In a democratic society, leaders are freely elected regardless of their leadership style. In most developing and emerging economies, elected leaders rely on technocrats to formulate and implement policies merely as boardroom experts. Yet some civil servants are part-politician, part-technocrat.
After the exodus of civil servants aspiring to vie for political office in the August 9 general election from February 9, there is bound to be a fierce ideological battle between technocrats and politicians.
Ideally, technocrats seek to inform, assess and integrate their forward-looking leadership in a merit-based management style. Born to serve the public interest by developing strategic solutions to societal problems such as the ‘unholy trinity’ of disease, ignorance and hunger, they are primarily driven by the cognitive problem-solution mindset.
Most of their decisions display strong democratic values such as trust and integrity, essential ingredients in a functioning democracy—what every citizen desires. The technocrats’ knowledge and value-based decision-making enables them to assess development needs, align them to scarce resources and mainstream them in policy decision-making.
Their role in nation-building cannot be gainsaid. They are critical agents of charting the development path by designing robust and sound blueprints and are equipped with the know-how for implementing them. This is what makes them exceptional performers in political office as the interest of most political elites is to preserve the status quo.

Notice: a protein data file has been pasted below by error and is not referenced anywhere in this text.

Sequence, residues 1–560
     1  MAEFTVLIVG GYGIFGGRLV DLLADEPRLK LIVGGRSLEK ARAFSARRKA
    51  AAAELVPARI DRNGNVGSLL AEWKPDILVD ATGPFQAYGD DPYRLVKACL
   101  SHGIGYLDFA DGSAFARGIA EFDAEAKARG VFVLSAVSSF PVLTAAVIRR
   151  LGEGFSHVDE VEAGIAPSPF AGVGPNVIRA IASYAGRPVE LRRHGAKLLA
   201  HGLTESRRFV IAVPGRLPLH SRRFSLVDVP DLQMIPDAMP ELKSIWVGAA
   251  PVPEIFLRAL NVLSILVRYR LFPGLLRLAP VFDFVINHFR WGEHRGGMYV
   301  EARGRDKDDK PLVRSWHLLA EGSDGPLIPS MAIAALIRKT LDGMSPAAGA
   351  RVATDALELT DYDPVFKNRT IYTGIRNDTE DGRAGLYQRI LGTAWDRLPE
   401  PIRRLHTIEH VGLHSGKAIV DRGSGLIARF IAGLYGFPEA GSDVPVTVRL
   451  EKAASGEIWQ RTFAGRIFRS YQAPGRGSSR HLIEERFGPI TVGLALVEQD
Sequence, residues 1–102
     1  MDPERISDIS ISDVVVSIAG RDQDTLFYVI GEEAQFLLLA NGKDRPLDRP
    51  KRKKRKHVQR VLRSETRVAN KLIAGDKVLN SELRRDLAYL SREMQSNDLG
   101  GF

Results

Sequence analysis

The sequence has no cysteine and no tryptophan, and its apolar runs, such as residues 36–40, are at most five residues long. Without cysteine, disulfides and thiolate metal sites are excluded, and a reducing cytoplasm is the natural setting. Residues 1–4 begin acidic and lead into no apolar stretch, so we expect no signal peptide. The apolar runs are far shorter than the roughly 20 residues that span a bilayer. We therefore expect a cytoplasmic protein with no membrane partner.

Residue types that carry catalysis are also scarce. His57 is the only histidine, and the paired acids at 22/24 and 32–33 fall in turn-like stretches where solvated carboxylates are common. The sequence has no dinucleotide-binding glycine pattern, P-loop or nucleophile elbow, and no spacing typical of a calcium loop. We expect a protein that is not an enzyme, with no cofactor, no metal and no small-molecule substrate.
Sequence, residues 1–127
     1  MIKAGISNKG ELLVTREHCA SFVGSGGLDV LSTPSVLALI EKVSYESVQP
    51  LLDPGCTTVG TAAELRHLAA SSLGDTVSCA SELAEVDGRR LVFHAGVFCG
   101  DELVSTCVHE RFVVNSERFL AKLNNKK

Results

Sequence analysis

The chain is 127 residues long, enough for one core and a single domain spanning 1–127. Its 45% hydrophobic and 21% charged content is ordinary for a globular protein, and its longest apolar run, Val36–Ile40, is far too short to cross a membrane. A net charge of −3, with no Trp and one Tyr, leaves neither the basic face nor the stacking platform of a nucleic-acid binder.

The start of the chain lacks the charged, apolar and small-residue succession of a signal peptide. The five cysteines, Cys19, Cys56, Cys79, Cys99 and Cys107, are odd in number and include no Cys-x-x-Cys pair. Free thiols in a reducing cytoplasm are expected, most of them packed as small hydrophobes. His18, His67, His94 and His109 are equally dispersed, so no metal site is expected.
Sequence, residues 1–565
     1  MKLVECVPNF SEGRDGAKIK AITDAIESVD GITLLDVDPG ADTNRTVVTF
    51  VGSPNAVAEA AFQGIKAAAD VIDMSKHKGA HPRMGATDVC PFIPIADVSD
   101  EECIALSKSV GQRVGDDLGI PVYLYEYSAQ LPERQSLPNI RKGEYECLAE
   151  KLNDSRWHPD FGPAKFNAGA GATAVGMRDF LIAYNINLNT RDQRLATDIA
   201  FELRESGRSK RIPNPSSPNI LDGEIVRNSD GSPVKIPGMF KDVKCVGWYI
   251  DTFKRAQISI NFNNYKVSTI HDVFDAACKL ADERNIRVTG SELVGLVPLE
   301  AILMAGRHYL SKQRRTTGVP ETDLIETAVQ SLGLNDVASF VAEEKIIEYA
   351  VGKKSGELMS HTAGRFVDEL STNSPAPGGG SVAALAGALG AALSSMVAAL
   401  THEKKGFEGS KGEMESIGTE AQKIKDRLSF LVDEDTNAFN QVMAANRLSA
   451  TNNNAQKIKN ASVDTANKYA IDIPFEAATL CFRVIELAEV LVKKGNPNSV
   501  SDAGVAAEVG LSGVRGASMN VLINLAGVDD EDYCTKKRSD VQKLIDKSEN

There is a trade-off of interests between technocracy and politics. But to a large extent, technocrats’ contributions are enormous. Moreover, the Covid-19 pandemic has exacerbated the need for technocrat-led governments as they have proved to be fundamental in crisis recovery.
However, many technocrats’ political careers could fail to see the light of day despite being qualified to tackle the over six-decade-old challenges of the common mwananchi. This is largely attributed to the skewed populist nature of our politics.
First, technocrats formulate the most practical but which may put off the electorate, and are considered ‘boring’. In sharp contrast, politicians have mastered to art of orchestrating popular but unsound policies with short-term benefits to the nation. That easily elicits euphoria, hence votes.
Secondly, they tend to focus on the short- and long-term outcomes, regardless of the beneficiary. They are future-centric to the public interest. Conversely, politicians are more concerned with the here and now fulfilment of election pledges. They are not interested in huge benefits that may accrue.
Thirdly, in some communities, technocrats are branded as agents of foreign culture, ideas and values. That is often used to label them as being contrary to African values and culture. That resonates with most citizens in favour of politicians, who are inclined to toxic populist narratives.
It is encouraging to see technocrats make their political pitch. No doubt, politics of technocracy will provide a rational, competent, humane and sane leadership—the surest prescription for our woes.
Mr Ombane is an economist. [email protected]